From January 1st to May 13th, I was afforded the amazing opportunity to study at Univeristat Pompeu Fabra (UPF) in Barcelona, taking Spanish, Law, and Political Science classes for the semester. I was the only student from The New School and 1 of 3 black students at the school. Culturally, for the first month it was a huge adjustment having to celebrate/reflect on Martin Luther King Jr. day by myself and navigate the challenges that come with being Black in Europe. I had to consciously venture and seek black communities and I eventually found one which grew to feel like family by the time I left. I made sure to travel a lot. I traveled to Italy, Switzerland, France, England and other parts of Spain, mostly by myself, which was great.
Living in Spain for the past 5 months has been very transformative. Witnessing the events of the Catalonian Independence movement, investigating migration trends along the Mediterranean, and navigating Europe as a Black student has been humbling and engaging. I have more respect for the work that I aim to produce in my courses as a Global Studies student. Everything is so interconnected and relevant yet restricted, so I hope for more conversations across the aisle, like I had this semester, bridging worldwide Black experiences.
I’ve dedicated time to investigating Black Communities in both hemispheres (Cuba & Spain) in addition to my own experiences from The American South to North. I aim to tie these studies together in my thesis and engage the many facets of Blackness, using historical context to weigh on our double edged relationship with “the west” and how it presents itself from the different locations. As a Global Studies major and Hispanic Studies minor, this project is deeply rooted in the discussion of colonization, capitalism, historical narrative and identity. I was anxious to think critically outside of The New School, test my growth and interact with Europe–a location I set out to dispute. I’ve returned excited to learn more and continue to connect the dots of history and black populations worldwide.
A salient point from my experience was witnessing the number of study abroad students who had trouble understanding the Catalonian Independence Movement. Through my courses at UPF, discussions with local friends, and personal experience, I was able to draw a personal connection to movement . The historical suppression of Catalonia’s identity under Francisco Franco’s dictatorship, destroying their institutions, making their language and culture illegal, all contribute to the movement today and the rectification the population seeks. In this comparison alone, I was able to think of a number of communities that have been neglected by their government and are seeking solstice & rectification, this isn’t an isolated situation.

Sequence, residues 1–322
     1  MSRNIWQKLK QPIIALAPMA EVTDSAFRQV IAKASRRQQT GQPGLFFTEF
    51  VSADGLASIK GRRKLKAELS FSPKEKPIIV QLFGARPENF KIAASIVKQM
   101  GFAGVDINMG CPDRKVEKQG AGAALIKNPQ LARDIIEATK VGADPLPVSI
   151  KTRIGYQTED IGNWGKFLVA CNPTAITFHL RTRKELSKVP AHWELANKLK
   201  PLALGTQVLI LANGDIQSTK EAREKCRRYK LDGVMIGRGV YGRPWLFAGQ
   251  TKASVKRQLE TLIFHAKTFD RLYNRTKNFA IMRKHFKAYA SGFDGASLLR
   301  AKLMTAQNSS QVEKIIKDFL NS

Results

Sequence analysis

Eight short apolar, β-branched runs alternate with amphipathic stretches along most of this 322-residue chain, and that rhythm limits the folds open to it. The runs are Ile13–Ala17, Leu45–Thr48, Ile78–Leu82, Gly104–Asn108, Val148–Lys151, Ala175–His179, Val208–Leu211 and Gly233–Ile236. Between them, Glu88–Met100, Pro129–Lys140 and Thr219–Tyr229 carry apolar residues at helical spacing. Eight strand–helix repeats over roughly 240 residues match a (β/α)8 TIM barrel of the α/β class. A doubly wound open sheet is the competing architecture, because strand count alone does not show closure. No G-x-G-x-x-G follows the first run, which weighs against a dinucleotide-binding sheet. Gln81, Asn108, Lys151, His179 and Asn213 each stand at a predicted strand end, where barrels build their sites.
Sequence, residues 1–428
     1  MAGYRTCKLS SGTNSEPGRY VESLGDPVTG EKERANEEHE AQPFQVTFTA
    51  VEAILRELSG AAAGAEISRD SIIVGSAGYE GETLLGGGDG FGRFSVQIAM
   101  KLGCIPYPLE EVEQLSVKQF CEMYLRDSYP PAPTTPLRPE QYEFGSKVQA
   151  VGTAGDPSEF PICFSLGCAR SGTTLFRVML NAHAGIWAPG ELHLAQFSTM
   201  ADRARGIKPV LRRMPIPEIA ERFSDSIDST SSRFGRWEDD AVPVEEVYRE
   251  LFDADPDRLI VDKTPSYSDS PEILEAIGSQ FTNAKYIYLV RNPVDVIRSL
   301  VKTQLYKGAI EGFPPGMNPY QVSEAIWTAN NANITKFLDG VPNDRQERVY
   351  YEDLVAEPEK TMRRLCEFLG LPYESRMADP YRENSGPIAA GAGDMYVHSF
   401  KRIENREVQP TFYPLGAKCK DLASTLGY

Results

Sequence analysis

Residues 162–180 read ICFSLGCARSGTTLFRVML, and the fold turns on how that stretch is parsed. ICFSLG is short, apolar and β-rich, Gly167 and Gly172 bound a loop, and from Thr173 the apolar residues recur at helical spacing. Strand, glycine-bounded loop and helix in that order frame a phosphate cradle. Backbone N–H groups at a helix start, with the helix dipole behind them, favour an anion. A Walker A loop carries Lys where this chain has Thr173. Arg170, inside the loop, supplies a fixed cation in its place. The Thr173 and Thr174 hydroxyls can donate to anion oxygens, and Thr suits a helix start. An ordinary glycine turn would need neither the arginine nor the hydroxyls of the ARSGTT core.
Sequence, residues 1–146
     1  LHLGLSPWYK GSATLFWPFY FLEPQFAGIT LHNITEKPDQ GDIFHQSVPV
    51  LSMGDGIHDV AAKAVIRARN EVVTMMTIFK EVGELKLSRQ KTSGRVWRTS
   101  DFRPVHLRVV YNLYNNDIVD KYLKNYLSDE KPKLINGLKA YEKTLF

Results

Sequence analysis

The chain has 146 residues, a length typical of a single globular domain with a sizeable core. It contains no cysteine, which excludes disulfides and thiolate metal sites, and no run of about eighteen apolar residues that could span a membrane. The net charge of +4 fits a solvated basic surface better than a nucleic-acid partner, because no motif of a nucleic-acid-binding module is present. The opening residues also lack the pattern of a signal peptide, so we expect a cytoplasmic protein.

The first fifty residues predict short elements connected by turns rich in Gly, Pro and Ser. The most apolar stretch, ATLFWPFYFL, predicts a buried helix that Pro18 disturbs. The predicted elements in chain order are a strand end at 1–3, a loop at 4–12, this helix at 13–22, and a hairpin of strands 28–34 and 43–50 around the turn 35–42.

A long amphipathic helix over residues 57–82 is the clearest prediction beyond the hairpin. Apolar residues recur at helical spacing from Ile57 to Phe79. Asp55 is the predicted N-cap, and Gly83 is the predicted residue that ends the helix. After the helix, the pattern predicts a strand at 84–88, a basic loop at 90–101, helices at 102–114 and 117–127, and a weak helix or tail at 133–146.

Reflecting on my experience this past semester, I can not envision my life without having had that experience. I have made great strides in the Spanish language, increased my adaptability, cultivated independence, and have forged my membership into the Global Citizen community. As it is a turbulent time politically, having the opportunity to leave The United States and reflect outside the nation has been a blessing, I have a restored sense of hope for what can be accomplished. As a historian, venturing to a number of sites that are unquestionably the foundation for the arts & sciences has been remarkable. In particular for my thesis, I ventured to the south of Spain, Sevilla & Cordoba, where The Moors, a nomadic North African group had resided. They introduced irrigation techniques to a barren Spain and ruled in Southern Spain before Christian Reconquest. The Moors set a precedent for Black Diasporic Communities in the region. The flip side to my historical ventures was seeing The Tomb of Columbus. Circling back to how this experience really stretched me, I came to understand that though we (at TNS & in the U.S) understand the repercussions of Colombus’ arrival, not everyone views it in the manner. I resided in Barcelona but ventured to Madrid, the South, and Mallorca, where there were streets and towering structures in Colombus’ honor.
Overall this past semester was remarkable and a once in a lifetime experience. I was able to discuss the misconceptions of my identity (as a Black American Woman) and make my voice heard in typically undisturbed settings. I asked questions in the classroom, in the streets, in the parliament and challenged normalities on the regular. As I return to the U.S preparing for thesis and my final semesters at TNS, I am ready to continue doing this with a renewed sense of energy and expanded view.